The bad news for Sydney-siders is that floods have been happening to them for all of history and probably a lot of prehistory too, though the ABC and BOM don’t mention it. This week the flooding in Windsor appears to have peaked at almost 14 metres. But in 1867 the water peaked at 63 feet or an amazing 19 metres.
The Guardian laments that For Hawkesbury residents flooding is now a part of life and blames climate change. But nothing has changed since 200 years ago. For the first thirty years of European settlement, floods hit the Hawkesbury river one after the other.
A little book called The Early Days of Windsor, by James Steele was published in 1916. It tells us that flooding was frequent, and was so bad on the Hawksbury in 1798 the Governor even limited the sale of rum. The first Government House in Windsor was said to be “swept away” in 1799. This was followed by another flood in 1801 and a much worse one in 1806 when seven people died. The plucky residents only had to wait three years to be besieged again in 1809. By then people were getting so tired of being flooded they moved Windsor and other settlements to higher ground in 1810, which was a good thing because it flooded again in 1811.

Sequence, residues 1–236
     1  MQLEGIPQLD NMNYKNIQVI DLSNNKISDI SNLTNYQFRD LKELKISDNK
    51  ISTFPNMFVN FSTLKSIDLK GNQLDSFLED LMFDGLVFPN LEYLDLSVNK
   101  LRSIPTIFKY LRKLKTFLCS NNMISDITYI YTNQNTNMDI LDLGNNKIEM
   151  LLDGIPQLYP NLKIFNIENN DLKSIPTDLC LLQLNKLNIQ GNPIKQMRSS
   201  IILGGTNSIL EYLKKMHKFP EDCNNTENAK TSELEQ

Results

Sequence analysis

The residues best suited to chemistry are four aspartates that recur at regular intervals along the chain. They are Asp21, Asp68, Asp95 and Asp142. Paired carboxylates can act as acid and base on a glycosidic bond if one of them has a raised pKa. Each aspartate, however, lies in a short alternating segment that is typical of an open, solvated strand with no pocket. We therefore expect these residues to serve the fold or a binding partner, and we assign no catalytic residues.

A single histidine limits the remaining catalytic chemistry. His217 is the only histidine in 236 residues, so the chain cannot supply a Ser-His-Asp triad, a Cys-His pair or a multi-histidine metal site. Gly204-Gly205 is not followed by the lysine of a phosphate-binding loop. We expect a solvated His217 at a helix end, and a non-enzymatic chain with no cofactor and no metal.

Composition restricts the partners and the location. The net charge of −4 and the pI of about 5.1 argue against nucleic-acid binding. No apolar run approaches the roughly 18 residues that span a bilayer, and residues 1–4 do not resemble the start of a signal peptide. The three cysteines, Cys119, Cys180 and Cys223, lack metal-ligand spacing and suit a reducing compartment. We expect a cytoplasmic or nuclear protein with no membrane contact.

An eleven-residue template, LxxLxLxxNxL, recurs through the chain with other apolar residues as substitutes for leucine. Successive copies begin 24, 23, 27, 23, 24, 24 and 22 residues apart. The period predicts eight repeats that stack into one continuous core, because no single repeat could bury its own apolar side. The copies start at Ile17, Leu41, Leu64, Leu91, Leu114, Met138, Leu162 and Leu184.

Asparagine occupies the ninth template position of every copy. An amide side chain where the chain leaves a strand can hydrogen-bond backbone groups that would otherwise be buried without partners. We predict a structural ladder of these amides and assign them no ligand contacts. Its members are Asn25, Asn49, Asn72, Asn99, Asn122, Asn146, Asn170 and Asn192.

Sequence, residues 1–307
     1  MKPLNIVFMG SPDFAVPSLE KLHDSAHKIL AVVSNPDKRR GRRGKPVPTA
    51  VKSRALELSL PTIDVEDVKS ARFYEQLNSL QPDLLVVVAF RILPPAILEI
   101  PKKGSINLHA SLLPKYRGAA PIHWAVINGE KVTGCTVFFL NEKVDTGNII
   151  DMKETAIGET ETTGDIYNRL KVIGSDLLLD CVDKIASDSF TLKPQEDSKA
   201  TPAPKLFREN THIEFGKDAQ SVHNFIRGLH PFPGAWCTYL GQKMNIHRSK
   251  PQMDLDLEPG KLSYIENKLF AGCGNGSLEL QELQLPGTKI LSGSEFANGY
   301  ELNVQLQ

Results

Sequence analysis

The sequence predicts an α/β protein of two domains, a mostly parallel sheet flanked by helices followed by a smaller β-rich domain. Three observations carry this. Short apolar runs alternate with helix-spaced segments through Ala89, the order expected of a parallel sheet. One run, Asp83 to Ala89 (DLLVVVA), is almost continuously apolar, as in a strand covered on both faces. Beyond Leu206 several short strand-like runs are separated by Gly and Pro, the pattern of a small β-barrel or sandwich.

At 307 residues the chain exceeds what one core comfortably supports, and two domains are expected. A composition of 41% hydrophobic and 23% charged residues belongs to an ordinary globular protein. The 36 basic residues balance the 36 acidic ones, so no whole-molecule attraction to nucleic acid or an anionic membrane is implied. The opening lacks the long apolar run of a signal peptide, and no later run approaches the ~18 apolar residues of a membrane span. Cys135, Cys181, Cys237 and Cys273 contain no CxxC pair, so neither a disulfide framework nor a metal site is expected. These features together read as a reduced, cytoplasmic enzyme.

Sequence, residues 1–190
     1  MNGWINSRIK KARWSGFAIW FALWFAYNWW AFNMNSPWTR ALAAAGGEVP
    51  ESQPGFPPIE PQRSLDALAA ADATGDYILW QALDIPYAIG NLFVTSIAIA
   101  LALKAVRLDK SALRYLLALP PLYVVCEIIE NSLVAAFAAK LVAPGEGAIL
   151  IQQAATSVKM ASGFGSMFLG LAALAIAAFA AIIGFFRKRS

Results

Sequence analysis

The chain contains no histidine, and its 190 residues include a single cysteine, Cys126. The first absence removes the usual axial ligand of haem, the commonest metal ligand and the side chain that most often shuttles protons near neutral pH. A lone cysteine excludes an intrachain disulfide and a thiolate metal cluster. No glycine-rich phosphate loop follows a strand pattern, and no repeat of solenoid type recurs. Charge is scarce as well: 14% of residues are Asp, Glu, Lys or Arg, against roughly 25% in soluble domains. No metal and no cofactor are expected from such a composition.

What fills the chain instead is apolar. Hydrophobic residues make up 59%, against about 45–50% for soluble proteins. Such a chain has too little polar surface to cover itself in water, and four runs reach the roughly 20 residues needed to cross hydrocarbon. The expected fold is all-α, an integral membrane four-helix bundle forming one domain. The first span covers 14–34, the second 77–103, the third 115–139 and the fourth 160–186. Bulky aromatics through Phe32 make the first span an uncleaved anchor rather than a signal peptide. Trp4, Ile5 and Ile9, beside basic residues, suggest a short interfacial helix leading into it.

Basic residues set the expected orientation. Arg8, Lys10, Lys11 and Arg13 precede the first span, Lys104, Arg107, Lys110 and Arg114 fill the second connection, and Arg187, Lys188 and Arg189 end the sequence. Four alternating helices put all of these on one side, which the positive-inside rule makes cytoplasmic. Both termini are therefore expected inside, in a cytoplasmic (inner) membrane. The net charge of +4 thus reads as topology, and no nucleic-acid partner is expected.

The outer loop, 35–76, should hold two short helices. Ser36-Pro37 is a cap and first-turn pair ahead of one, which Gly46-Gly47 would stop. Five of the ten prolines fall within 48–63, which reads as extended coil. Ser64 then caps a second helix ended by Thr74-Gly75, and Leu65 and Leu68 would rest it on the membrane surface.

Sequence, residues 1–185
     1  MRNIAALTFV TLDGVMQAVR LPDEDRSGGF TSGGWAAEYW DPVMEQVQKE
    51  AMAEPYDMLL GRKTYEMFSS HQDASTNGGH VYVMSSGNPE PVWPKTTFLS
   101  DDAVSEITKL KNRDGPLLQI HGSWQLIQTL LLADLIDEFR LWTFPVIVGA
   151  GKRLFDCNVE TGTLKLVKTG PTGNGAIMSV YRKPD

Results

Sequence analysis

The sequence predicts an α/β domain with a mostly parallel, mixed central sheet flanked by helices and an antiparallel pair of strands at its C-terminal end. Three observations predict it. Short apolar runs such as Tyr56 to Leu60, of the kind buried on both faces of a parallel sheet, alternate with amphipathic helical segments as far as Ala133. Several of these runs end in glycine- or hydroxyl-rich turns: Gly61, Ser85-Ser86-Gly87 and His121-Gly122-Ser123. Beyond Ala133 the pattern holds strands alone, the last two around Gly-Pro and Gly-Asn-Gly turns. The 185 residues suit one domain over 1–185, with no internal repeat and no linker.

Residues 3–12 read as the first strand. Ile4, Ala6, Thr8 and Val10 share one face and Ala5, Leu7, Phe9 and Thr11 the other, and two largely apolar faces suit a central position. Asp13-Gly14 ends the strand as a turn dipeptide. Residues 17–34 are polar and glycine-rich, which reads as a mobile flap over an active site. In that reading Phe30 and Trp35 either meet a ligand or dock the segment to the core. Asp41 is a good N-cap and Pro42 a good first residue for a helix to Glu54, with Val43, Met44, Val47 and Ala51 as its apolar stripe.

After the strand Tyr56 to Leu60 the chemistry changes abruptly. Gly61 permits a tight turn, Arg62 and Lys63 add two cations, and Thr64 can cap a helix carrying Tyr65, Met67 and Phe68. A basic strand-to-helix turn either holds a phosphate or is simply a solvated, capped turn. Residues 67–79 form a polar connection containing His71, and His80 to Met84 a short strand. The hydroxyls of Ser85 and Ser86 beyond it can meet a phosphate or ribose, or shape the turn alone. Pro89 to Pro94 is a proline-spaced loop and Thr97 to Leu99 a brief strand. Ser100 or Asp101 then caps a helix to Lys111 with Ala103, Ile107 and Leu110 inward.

In 1817 things were so bad, it was reported that the Hawkesbury and Nepean rivers had inundated the buildings on the banks “three times within nine months”.
After that, everything dried out for a few decades. Droughts struck across Australia instead. That was until the late 1850s when flooding came back into fashion, climatically speaking. Symbolising this shift, a neat little church at Clydesdale was built in 1842 and lasted til the great flood of 1867 when things got so bad there was “driftwood on the roof”. The book drily notes: “This church is now closed.” By 1872, flooding was so common again they even formed “a water brigade” so they were ready to rescue people and knew how the manage the flood boats.
The whole book is available online, and even though Australia was almost NetZero when it was published a hundred years ago, it already had 67 mentions of the word flood.
Not to dismiss any of the suffering of the current flooding in Sydney, because I’m sure it’s horrible. Just people need to know the BOM isn’t telling them the whole truth, and climate grifters are exploiting their pain.
On account of distress caused by floods the Governor curtailed the sale of rum during the year 1798.